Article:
It seems uncanny that Whitby is on England’s north-east coast and yet the sun sets over the sea.
The north east is a land of paradox and mystery. Here is an account of a fine, long walk in it.
The Cleveland Way national trail is an attractive sequence of inland moor and coastal cliffs in a horseshoe route from Helmsley up to Saltburn-by-the-Sea and down again to Filey.
We stick to national trails these days because local government austerity has left many of the country’s footpaths a roulette of miring, snarling, erosion and other obstacles – especially those with less affluent councils. We bought the official Cleveland Way book and two of the three Ordnance Survey Explorer maps it covers, planned stages, booked accommodation for 8 nights, gave advance notifications of vegan diet. We would stay on campsites with our usual B&B in the middle for electricity, drying, warmth, etc., and we’d eat in village pubs or town eateries. It is not the easiest route to walk without vehicle support because a couple of stages stop in the middle of nowhere. But you’re never too far away from a village, so with some planning it’s straightforward.
Hold out for more photos below – you can’t recharge a phone on a campsite and you can’t use mine in the rain. Convergence isn’t working out for me really – I’d love a little camera again.
Day 0 – York preparations
We spent the afternoon and night in York where we finished shopping for the trip. A lot of outdoor shops are closing down in the north of England. Mountain Warehouse with its modestly priced goods survives. From experience I avoid that shop because the stuff it sells doesn’t bear up against the elements or heavy use. With food, especially breakfast, sometimes a long walk away, we picked up high energy, lightweight foods like Nairn’s On The Go oatcakes and coconut flakes. Then we walked York’s city walls, succumbed to The Botanist (mainly Northern chain specialising in herby, fruity, floral cocktails) where I had something with oak smoke. For lunch, falafel and salad lunch at El Piano, returning to our hotel, Mount Royale, for a dip in the pool at the bottom of the garden serenaded by a blackbird. It may have been Christine Oxtoby herself who surprised us with flutes of hospitable pink wine as we sat in her jacuzzi. Dinner on the roof of Las Iguanas, which has three vegan main course options. York is called a ‘cosy duvey city’ but it has a radical history including the massacre of its Jews.
Day 1 – Helmsley to past Sutton Bank. Views, weather permitting.
We left York before breakfast to catch two buses filled with schoolchildren which got us into Helmsley before 9. In Helmsley a bakery sold us coffee, big soft currant buns and a sandwich for Matt which we ate in the market square before setting off. We climbed into low cloud on the moors, walking along the edge of the escarpment – locally called banks – with the obscured inland Cleveland Plain on our left and the seaward moors on our right. Then we basically saw very little for the next several hours, deciding not to visit Rievaulx Abbey because the weather was not great – but the visitors’ centre is reputedly very good. We lunched at Cold Kirby which was indeed chilled by a north easterly wind. Being used to the warmth of the Gulf Stream on the South West Coast Path it was quite novel for us to see smoke from the chimneys in July. We glimpsed Sutton Bank, one of the finest views in England, in low cloud and opted to skip the white horse. At some stage one of my Teva reef sandals, which I walk in in summer because they are all terrain and dry very quickly, broke – unprecedented – so I had to change into my boots, which I detest. The visitors’ centre at Sutton Bank is lovely, including bird feeders in front of the cafe window, and helpful staff who will look up buses to a town selling new sandals the next day. We camped semi-wild at High Paradise Farm, a B&B which is miles from anywhere. The owner is a nice, very busy woman who had not had a chance to read our emails about vegan dinner, so gave us beans on toast, salad and beer, and let us leave our wet clothes on the warm hearth. The camping field was a semi-wooded area containing quite a lot of sheep turds, and deserted. It was raining. The cafe was beautiful and we could wash in its WC with our ration of wet wipes calculated for this purpose (they are heavy). That night the owner had a meeting in the cafe to plan hosting the next Yorkshire True Grit mountain biking challenge.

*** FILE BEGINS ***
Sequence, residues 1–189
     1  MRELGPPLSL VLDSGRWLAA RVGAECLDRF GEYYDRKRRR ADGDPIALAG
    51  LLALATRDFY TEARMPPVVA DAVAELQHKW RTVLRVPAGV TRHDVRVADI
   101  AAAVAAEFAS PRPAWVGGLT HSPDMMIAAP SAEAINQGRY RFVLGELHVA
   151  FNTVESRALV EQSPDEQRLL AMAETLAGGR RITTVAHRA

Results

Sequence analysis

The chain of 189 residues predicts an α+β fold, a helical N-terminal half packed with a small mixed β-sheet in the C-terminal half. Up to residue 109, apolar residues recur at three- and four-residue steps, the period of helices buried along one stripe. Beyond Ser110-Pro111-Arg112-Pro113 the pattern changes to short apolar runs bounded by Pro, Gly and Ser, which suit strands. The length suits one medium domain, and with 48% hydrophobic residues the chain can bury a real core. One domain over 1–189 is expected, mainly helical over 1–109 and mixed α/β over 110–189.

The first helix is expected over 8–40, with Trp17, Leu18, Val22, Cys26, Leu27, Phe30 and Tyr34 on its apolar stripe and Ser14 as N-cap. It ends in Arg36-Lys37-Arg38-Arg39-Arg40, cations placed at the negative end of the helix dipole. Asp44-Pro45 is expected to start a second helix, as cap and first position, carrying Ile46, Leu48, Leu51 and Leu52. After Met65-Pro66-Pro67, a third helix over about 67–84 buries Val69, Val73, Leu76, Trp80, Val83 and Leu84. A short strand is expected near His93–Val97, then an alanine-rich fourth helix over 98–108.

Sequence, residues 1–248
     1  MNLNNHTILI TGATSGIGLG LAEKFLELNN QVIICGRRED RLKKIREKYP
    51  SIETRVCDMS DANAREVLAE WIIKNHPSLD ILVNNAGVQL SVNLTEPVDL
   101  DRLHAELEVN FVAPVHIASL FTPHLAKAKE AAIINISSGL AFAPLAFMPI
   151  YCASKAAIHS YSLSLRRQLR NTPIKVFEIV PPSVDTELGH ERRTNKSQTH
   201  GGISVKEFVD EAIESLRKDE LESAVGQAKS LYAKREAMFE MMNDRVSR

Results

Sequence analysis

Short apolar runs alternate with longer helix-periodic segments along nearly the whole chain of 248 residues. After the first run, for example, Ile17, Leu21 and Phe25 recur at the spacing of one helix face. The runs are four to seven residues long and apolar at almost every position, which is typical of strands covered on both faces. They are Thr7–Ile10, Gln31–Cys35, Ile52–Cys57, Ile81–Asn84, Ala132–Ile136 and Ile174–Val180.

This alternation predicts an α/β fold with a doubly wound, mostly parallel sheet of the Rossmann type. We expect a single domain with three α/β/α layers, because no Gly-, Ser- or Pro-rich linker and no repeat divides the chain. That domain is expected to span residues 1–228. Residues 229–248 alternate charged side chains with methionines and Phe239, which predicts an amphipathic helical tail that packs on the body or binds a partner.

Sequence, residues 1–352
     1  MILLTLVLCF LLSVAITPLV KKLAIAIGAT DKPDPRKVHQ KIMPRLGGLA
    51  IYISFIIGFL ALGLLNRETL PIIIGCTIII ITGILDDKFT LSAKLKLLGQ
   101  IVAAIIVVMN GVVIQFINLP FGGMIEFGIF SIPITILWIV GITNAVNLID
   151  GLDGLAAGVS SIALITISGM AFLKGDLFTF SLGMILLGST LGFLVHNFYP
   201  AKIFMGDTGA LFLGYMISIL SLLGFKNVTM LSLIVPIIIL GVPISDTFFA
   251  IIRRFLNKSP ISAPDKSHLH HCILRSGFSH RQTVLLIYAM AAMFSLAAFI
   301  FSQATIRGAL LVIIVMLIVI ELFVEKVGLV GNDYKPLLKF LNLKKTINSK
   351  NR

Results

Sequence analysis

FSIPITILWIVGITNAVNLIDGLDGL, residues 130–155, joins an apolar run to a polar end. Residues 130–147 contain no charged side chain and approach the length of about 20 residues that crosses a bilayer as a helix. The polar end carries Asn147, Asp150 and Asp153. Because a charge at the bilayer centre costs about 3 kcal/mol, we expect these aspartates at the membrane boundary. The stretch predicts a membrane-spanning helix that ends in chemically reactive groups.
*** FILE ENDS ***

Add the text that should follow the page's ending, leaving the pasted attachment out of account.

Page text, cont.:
Day 02 High Paradise to Osmotherley. Pretty villages.
Woken by crows squabbling. This happened several times during the trip. North Yorkshire is also jammed full of pigeons – you hear them coast and moor. The weather was still not great, the going was very flat along the tops of the banks, and I don’t remember much of this stage before Osmotherley. Osmotherley has a shop which is for sale, and three pubs, one of which was out of action for months due to an oil leak next door. We had a chips and salad lunch at the Golden Lion where we had also booked dinner that evening, and read the highly impressive local business magazine for Teeside according to which the regions is teeming with entrepreneurship at all scales, including steel, engineering, hightech and football merchandise. There was even a substantial piece on microbreweries.